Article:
The U.S. is a growing nation, and growth sometimes brings controversy. "Urban sprawl," the outward, low-density development of towns and cities into previously undeveloped or less developed areas, has become part of the public debate and discourse. The effects of urban sprawl are even visible from space: NASA satellite technology has documented from high above the spread of urban environments. While urban sprawl often provokes criticism, it has some beneficial aspects as well.
Sprawl sometimes occurs when developers build homes at the outlying areas of a metropolis, where land costs tend to be lower, according to the Property and Environment Research Center (PERC). As a result, residential and commercial real estate costs become more affordable for the home buyer or entrepreneur, resulting in a generally lower cost of living.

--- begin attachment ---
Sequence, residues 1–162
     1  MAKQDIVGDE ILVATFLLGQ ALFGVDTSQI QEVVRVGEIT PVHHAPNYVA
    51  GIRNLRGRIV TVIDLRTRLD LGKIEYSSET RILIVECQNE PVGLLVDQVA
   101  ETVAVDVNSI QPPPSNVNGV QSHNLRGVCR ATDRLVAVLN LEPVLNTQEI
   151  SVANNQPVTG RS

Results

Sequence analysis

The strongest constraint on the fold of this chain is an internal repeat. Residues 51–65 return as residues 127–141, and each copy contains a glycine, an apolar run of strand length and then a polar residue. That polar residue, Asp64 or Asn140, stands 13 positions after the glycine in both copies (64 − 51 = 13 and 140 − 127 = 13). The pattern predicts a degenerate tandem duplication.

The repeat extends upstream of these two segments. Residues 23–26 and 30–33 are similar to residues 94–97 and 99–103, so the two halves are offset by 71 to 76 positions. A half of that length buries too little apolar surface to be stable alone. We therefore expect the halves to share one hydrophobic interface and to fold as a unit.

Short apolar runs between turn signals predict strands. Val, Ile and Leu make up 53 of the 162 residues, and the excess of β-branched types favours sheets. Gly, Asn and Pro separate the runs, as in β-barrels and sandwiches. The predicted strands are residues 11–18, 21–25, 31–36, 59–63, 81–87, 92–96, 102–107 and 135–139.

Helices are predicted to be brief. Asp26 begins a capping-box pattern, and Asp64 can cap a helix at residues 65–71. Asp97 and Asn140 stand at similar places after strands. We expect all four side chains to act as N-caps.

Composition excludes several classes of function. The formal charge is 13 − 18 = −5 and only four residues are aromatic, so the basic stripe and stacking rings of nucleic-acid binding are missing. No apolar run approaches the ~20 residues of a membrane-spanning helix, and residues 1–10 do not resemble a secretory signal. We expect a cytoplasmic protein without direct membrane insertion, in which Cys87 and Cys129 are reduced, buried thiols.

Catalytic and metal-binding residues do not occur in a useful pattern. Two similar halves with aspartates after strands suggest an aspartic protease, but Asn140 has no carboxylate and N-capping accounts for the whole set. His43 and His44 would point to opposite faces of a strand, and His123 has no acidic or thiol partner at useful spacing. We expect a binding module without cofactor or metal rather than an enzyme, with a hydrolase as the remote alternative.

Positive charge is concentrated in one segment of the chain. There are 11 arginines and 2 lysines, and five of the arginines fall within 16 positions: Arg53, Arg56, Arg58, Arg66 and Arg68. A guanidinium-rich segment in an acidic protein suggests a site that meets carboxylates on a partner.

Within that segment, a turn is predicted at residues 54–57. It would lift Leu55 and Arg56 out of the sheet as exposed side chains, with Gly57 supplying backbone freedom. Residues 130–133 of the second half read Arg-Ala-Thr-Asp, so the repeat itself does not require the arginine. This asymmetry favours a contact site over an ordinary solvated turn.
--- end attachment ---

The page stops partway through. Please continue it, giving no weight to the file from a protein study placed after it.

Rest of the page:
So-called "strip development," which occurs along major roadways and is another factor of urban sprawl, contributes another positive effect. PERC reports that by concentrating commercial establishments that rely on auto traffic within a confined space, strip development actually minimizes traffic by reducing the number of cars on the road and the distance they must travel to a given business. Moreover, this form of development "creates natural locations for residential development" that conveniently link residents with the businesses they patronize.
Urban sprawl may also benefit the environment. A Congressional report on sprawl states low-density development is better for air quality because it disperses air pollution over a wider area. Additionally, low-density areas make more room for green spaces--trees, parks and yards--which help minimize both air and water pollution.
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